Tuaregs of the Kel Ajjer band inhabit the massif. Thousands of rock paintings and rock carvings dating from the Neolithic have been discovered under rock shelters. In order to protect these jewels of mankind from improper behavior and theft it is now a National Park, the "Parc National du Tassili".
Immidir 2 (Trek)
This was a trek in another part of the Tassili N’Immidir,again organized by “Homme et Montagnes du Sahara” , with Jean-Louis Bernezat.
Each part of the Immidir is very different from one another.
More to come!
This was a trek in the Tassili N’Immidir, organized by “Homme et Montagnes du Sahara” , the small company created by Jean-Louis Bernezat, with which we had traveled in 1974 in the Tassili N’Ajjer. This time, our guide was Jean-Louis Bernezat himself. He had “discovered” the Tassili N’Immidir which had been very little explored and for 15 years, as he was a good friend for the Kel Immidir Touaregs, he has been the only one able to organize treks in that area.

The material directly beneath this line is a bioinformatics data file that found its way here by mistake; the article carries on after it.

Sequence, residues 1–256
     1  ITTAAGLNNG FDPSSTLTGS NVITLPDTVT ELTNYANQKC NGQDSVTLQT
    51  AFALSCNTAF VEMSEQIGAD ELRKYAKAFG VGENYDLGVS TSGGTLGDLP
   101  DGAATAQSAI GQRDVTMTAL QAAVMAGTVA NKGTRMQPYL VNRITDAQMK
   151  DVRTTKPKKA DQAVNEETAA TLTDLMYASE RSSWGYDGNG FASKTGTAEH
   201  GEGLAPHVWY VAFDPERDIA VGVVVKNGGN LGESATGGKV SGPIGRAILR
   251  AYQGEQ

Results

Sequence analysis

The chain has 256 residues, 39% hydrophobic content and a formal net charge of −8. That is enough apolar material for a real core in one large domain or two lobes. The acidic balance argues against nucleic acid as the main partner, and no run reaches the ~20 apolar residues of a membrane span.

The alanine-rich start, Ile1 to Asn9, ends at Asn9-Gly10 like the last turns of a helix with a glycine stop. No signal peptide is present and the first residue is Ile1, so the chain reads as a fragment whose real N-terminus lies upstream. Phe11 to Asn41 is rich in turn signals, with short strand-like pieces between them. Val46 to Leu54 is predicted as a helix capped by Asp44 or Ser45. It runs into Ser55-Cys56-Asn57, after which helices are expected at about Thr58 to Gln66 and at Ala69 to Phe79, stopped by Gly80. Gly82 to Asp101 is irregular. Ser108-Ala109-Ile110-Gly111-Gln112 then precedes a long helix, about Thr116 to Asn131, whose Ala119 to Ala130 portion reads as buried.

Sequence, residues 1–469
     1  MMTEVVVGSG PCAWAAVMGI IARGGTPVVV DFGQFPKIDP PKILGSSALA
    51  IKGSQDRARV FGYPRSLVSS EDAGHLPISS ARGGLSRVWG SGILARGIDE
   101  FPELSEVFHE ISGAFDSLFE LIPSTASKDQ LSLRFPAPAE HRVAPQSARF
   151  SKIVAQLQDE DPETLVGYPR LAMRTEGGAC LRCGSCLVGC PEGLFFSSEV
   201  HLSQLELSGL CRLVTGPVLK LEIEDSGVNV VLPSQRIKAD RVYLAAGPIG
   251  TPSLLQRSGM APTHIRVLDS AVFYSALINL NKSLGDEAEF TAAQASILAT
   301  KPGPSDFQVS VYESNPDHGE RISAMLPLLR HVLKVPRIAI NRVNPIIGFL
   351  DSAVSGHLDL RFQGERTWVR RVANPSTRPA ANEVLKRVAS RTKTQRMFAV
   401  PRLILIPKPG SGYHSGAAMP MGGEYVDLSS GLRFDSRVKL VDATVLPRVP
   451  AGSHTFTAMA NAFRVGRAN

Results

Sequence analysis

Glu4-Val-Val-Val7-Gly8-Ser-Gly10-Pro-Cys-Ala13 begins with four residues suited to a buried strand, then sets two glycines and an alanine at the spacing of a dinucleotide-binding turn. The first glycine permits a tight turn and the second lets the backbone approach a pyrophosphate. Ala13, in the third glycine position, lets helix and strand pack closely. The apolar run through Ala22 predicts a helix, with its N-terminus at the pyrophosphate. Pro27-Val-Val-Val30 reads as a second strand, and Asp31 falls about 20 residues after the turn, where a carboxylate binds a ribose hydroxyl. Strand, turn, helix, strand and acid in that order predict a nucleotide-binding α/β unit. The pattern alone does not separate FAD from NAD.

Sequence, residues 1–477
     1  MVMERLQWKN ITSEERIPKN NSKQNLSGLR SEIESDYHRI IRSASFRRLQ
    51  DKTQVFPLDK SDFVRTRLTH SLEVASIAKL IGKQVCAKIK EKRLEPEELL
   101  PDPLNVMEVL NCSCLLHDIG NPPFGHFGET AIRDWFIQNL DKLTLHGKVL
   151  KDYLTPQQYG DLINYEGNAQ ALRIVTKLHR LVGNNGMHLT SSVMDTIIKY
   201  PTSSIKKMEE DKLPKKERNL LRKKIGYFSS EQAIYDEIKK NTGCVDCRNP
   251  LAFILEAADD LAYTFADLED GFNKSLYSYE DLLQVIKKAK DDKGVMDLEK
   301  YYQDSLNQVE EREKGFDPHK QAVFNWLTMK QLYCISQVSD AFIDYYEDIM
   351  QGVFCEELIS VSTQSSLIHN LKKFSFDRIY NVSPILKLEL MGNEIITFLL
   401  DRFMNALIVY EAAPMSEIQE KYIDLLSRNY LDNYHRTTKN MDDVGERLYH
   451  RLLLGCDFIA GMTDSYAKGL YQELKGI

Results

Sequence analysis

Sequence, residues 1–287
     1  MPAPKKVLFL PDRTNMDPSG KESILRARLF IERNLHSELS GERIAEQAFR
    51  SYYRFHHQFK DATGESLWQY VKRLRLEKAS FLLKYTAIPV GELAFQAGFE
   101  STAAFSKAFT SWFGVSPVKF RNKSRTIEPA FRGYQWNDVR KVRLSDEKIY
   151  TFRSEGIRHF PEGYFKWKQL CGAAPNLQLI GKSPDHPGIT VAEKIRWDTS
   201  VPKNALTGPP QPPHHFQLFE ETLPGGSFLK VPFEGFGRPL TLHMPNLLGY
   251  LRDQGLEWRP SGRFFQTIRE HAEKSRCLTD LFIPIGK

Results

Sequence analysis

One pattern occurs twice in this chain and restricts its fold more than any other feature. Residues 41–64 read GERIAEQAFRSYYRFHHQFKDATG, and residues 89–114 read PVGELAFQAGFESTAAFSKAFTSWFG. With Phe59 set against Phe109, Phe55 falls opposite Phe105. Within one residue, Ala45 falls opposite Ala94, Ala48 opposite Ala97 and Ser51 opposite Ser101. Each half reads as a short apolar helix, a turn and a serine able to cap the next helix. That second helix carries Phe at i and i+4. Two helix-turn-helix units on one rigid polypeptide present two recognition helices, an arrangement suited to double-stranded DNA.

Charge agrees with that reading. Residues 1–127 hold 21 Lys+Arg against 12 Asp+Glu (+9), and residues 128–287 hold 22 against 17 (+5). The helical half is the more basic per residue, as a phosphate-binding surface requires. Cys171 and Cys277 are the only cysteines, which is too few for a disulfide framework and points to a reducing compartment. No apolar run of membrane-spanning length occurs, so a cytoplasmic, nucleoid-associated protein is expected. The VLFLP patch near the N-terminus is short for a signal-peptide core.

Central and Western Algerian Sahara
This time, we were a large party of 12 in three cars, our Land Rover, a Nissan and at the last moment a small 4x2 Renault 5 joined us. Each car brought 2 adults and two kids from 9 to 14. We decided that we would ‘release’ the Renault 5 (not the best car for the desert!) from its kids for the sandy parts. Altogether, the Land Rover never got stuck, the Nissan once (but very severely) and the Renault 5 dozens of time but as it is light, it was easily taken off. Half way, the Renault 5 got a major breakdown and I had to tow it for 500 km on the sand track.
This travel was again with my Land Rover as a single car and we took the ferry from Marseilles to Tunis, drove along the coast to Djerba, Kebili, Douz, Chenini (VT Shanini), Douiret, Ksar Ouled Debbab, Ksar Rhilane, Bir Soltane, Chott El Fedjadj, Sbeitla and back to Tunis. I will not make a full report of this travel and the stuff will be scattered on various locations.